The Dignity of Labor and the Rest of God (Repost)

Originally from here,

WEBCommentary(tm) – The Dignity of Labor and the Rest of God.

But, I think it has moved…

To the Coal Miners, to the Steel Workers, to the stay at home mothers, to the workers who labour…God bless you.

Monday, September 1 is Labor Day in America. Labor Day is that special day when recognition is given to the millions who make up the nation’s working force. It’s a day of recreation, citywide parades, end of summer barbeques and political speeches. For some it will be just an extra day to relax quietly at home.

Both work and the worker are certainly worthy of a holiday of their own. Jesus placed much emphasis on the dignity of labor and the rights of workers. Interestingly, he never identified with professional religion as a career. Instead he was a simple carpenter by trade and his followers were working men. In Luke 10:7, Jesus said, “The laborer is worthy of his hire.”

Wherever the gospel of Christ has been influential the nobility of the worker has emerged. Many fail to realize that the improved working conditions of labor in the West are due much to the influence of Christianity. It was during the industrial revolution, for instance, that the devout Christian statesmen Lord Shaftesbury sought to change the abysmal working conditions for the masses in Great Britain. Men worked as much as sixteen hours a day – six days a week. Women and little children labored in the mines and in the factories. Little boys were hired as chimney sweeps. The necessary protections for workers were not provided and some died in accidents – others just from sheer exhaustion. Workers were little more than objects of an employer’s economic exploitations. Shaftesbury’s legislation brought relief to these injustices.

Work is inexplicably linked to the great truth that all persons are made in the “image of God” (Genesis 1:36). God has made mankind like himself – able to create, to conceive, to build and to make a difference. Idleness in life, however, strikes at the very heart of an individual’s personhood.

In Jesus’ “Parable of the Laborers”, the men standing in the market-place were not just loafers lazily whiling away the hours. They were men who had come looking for a job. Many brought the tools of their trade with them in hopes of getting hired. Some would wait until late in the evening for work because they were desperate to feed and clothe their families. But then the master came and took pity on them, sending them into his vineyards and paying them generously. Commentator William Barclay notes: “This parable states implicitly two great truths which are the very charter of the working man – the right of every man to work and the right of every man to a living wage for his work.”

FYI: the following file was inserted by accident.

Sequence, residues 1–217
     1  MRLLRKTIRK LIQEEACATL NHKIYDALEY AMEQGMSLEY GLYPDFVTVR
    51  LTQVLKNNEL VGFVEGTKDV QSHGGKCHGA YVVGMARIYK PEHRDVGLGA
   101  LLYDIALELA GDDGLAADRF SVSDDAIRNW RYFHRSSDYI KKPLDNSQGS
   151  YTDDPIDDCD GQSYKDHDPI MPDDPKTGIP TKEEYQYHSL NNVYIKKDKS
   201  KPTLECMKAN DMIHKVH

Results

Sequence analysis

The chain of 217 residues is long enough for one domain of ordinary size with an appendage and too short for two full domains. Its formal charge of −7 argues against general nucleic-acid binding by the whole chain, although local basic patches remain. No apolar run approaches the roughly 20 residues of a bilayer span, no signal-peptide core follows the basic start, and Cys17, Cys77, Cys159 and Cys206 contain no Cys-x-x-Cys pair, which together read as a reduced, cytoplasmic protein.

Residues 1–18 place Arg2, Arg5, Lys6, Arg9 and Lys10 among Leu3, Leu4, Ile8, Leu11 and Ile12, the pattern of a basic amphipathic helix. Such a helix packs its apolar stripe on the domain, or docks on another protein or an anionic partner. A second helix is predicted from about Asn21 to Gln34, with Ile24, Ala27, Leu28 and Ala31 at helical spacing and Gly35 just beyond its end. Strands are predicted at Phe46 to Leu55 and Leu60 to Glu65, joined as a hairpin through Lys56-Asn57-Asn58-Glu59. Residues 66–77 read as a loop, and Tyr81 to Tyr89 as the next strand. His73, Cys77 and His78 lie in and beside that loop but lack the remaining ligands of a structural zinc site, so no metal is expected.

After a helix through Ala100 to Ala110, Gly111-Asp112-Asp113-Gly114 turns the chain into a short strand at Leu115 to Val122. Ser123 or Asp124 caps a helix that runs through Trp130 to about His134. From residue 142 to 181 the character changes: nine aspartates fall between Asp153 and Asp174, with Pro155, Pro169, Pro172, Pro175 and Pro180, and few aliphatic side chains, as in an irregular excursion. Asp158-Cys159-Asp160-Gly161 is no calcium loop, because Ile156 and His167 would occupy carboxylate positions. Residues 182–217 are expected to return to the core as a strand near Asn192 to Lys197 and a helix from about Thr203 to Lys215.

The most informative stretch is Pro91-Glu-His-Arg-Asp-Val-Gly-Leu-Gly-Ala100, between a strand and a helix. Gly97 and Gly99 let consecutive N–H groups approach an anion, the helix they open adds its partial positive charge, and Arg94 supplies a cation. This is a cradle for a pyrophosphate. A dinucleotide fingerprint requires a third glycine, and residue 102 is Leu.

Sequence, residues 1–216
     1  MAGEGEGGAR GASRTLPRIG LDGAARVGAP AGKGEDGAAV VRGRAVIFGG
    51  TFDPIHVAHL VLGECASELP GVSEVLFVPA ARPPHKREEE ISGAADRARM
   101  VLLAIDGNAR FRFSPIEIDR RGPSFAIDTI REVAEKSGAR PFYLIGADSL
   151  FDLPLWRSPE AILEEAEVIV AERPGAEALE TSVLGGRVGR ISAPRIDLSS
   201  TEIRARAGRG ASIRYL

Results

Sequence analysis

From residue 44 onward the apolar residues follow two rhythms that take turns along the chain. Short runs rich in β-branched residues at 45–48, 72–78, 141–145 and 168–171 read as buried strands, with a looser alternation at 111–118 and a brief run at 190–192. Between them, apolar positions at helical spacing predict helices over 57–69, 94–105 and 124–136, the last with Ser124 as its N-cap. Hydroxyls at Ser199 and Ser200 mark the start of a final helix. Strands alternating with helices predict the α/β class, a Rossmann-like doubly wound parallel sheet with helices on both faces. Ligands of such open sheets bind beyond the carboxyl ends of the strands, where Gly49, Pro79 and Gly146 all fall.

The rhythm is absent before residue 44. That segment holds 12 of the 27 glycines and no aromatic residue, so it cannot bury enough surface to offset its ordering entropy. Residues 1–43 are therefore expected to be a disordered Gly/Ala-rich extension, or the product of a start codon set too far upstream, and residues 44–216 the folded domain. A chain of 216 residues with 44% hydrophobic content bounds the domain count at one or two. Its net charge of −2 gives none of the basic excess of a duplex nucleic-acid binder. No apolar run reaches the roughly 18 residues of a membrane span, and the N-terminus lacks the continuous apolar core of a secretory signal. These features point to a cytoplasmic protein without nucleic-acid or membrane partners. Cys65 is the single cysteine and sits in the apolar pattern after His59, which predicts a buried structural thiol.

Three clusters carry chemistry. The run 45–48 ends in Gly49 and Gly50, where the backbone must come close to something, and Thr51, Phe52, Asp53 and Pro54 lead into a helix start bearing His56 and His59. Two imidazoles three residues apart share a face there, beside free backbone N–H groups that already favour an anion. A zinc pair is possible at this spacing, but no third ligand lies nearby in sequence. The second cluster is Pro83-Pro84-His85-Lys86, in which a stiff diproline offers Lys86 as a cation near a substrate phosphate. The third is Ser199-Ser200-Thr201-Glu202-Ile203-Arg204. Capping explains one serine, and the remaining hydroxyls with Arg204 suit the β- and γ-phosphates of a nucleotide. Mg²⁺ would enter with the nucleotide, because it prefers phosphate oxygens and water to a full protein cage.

It’s unfortunate that many every day have to go to a job that they don’t enjoy. But even when this is the case, work still has its value not simply for monetary reasons, but for reasons of the soul. “Thank God every morning when you get up that you have something to do that day which must be done, whether you like it or not,” wrote Charles Kingsley. “Being forced to work, and forced to do your best, will breed in you temperance and self control, diligence and strength of will, cheerfulness and content and a hundred virtues which the idle never know.”

The most sublime beauty of the Christian concept of work, however, is that it can be connected with a divine calling. The apostle Paul admonished, “Whatsoever ye do, do all to the glory of God” (I Corinthians. 10:31). “And whatsoever ye do, do it heartily as to the Lord, and not unto men” (Colossians 3:23) The late D. Elton Trueblood expounded on this notion, saying, “There was a time when the idea of calling was applied, almost exclusively, to the work of clergy and missionaries…Why, it is now asked, should not a man be called to be a brick mason or a banker? Why should not a fireman be conscious of a holy vocation? After all, he is certainly engaged in a work which saves lives and prevents much misery. Why should not a woman sense that she is called to be a mother, a wife, or a librarian?” Indeed, all service when performed to the honor of God ranks the same with him. God makes the work holy and richly blesses it.

Work also produces the necessity for rest. Thus Christ invites all laborers: “Come unto me, all ye that labor and are heavy laden, and I will give you rest” (Matthew 11:28). There is no greater burden – nothing more “heavy laden” – than a broken relationship with God. The work of sinful passions is spiritually exhausting and completely unfruitful. Such panders with the promise of prosperity, freedom and happiness, only to disillusion with an impoverishment and restlessness of spirit. So Jesus adds, “Take my yoke upon you, and learn of me; for I am meek and lowly in heart: and ye shall find rest unto your souls. For my yoke is easy, and my burden is light (Matthew 11:29).